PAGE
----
Accuse us of being spey geeks, and you’re right. We’re not shy about the fact that we think two-handed casting is one of the coolest things around.
It’s easier to cover the water with a spey rod. If you need to cast more than 20 feet to get your fly to the fish, you can do it with a spey rod, with less effort than with a single-handed rod.
Spey rods give better line control. Mending with a 13′ rod allows you to move more line than mending with a single handled rod.
Spey casting is easier on your body – especially your shoulders. You can keep your arms close to your body and still get the line out with a spey rod.
If you’re like us and have made one too many double-hauls with 12 weight, your body will thank you for giving the two-hander a try.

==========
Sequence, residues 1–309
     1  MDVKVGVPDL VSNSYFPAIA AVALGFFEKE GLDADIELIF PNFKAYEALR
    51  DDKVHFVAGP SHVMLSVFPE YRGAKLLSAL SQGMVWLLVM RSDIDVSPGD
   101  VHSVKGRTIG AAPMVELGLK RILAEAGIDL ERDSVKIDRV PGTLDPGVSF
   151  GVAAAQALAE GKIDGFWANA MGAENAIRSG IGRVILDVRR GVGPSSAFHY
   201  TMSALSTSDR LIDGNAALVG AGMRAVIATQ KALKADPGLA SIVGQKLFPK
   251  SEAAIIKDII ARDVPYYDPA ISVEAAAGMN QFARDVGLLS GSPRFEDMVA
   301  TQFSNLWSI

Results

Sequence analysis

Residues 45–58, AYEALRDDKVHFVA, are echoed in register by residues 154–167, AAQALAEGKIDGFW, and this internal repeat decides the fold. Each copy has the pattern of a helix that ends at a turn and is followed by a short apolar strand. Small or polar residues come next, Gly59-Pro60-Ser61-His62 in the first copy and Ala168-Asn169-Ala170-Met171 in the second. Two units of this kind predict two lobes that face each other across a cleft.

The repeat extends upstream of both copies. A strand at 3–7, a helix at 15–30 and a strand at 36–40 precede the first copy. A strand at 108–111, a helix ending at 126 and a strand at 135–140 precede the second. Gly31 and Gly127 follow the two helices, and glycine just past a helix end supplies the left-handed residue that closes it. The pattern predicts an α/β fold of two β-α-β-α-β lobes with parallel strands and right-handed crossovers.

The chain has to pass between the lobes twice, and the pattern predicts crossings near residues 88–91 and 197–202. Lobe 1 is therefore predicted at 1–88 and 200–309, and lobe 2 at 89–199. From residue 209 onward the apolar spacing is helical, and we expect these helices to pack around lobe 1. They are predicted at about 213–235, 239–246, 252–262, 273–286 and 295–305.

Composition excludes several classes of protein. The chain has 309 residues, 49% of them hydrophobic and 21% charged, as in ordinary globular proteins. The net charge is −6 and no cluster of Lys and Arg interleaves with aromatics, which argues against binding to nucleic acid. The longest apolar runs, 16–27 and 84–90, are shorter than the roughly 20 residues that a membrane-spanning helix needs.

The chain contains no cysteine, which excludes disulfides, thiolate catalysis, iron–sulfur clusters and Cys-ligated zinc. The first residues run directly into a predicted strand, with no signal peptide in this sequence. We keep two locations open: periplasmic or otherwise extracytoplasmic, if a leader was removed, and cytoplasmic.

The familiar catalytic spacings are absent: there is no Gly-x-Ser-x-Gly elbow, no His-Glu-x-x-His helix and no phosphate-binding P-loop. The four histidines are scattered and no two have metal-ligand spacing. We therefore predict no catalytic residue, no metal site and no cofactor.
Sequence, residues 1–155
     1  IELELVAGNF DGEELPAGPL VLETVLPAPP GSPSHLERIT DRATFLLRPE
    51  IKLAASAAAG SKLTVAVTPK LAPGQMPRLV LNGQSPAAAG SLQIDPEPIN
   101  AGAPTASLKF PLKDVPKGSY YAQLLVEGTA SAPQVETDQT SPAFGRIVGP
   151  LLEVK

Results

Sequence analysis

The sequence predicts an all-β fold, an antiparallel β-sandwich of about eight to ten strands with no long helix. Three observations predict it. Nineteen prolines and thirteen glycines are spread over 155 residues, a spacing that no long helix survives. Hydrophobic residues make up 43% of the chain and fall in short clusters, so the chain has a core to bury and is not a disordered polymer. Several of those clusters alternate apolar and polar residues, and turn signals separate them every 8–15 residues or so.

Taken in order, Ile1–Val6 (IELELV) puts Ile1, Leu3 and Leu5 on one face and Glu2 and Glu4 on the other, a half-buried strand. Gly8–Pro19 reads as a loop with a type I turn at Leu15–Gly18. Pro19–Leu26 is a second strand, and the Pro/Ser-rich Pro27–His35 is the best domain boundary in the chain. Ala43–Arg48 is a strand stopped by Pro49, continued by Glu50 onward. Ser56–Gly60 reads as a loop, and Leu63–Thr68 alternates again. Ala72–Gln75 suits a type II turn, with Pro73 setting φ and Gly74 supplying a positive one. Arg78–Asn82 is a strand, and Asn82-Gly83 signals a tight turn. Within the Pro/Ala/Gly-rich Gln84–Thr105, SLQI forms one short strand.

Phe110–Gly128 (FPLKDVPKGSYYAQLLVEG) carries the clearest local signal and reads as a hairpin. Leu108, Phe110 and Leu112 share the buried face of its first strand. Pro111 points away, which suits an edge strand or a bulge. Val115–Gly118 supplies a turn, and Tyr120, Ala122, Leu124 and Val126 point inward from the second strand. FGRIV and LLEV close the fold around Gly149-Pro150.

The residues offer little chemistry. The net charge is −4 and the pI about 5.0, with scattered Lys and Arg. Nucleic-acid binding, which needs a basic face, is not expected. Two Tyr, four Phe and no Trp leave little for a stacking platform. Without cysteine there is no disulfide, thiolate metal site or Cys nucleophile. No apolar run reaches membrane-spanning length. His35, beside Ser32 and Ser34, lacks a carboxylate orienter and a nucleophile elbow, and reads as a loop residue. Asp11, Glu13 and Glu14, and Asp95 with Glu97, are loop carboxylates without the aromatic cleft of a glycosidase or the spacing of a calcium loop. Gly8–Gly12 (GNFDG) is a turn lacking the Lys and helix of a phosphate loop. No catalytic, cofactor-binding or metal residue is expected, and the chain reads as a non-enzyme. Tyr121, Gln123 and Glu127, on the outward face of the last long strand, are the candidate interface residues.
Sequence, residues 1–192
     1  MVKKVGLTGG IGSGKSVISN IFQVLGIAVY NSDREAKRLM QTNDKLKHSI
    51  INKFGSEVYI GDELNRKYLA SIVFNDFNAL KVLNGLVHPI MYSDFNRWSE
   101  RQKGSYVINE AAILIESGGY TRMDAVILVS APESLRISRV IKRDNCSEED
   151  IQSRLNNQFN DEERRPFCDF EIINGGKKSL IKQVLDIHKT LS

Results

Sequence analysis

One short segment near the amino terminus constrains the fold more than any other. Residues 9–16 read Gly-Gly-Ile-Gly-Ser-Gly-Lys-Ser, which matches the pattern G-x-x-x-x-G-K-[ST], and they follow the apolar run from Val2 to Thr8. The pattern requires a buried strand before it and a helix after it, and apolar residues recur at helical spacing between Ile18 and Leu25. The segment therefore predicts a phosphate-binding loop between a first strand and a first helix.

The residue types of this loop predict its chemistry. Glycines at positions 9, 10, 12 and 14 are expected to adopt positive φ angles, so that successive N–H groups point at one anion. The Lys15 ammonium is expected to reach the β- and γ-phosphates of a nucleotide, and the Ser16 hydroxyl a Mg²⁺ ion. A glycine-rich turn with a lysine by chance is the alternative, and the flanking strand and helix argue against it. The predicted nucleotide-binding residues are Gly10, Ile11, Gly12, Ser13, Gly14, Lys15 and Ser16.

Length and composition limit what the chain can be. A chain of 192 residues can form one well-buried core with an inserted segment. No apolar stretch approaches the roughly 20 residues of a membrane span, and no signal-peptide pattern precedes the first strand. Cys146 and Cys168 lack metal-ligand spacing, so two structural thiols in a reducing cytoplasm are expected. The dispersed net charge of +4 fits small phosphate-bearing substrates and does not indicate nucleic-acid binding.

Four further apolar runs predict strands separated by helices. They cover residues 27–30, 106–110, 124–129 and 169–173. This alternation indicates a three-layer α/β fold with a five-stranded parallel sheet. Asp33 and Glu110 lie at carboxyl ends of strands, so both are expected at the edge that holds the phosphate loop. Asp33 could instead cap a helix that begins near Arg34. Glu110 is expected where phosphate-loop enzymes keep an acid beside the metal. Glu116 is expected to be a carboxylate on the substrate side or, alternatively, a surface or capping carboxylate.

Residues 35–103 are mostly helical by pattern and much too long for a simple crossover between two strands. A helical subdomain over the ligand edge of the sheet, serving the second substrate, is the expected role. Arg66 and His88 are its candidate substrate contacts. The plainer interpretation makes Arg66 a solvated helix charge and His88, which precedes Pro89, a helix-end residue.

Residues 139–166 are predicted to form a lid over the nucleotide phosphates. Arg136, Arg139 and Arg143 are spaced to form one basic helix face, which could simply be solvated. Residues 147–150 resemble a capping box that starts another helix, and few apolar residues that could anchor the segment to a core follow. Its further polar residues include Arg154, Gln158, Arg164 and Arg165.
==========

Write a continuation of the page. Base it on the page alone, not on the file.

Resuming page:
During those occasional stretches where you’re not catching fish, the casting itself is fun. Much like making a great golf swing, hitting a cast right with a spey rod is fun, in and of itself.
All the gear is really fidgety and we like to stand around talking about gear. Guilty as charged. Spey fishing tackle and techniques are changing constantly, and it’s interesting to keep up with the cutting edge.
Sometimes you really do need to cast long. There are times when an 80′ cast just won’t reach where the fish are holding, and when you need to throw it far, the spey rod is your friend.
It’s not just for Salmon. Spey rods were made for swinging flies, so…any time you need to swing, you should think about a two-hander. Hoppers for trout on big rivers? Smolt patterns for giant rainbows or Sea Trout? Yeah, try a spey rod.
You don’t need to make a backcast. Many rivers is lined with bushes, and it’s hard to make a backcast when you’ve got bushes behind you. Those wise Scots developed spey casting to enable you to present a fly in front of you when you’ve got bushes behind you.
“Fly-fishing is not a matter of life or death, it’s more important than that.”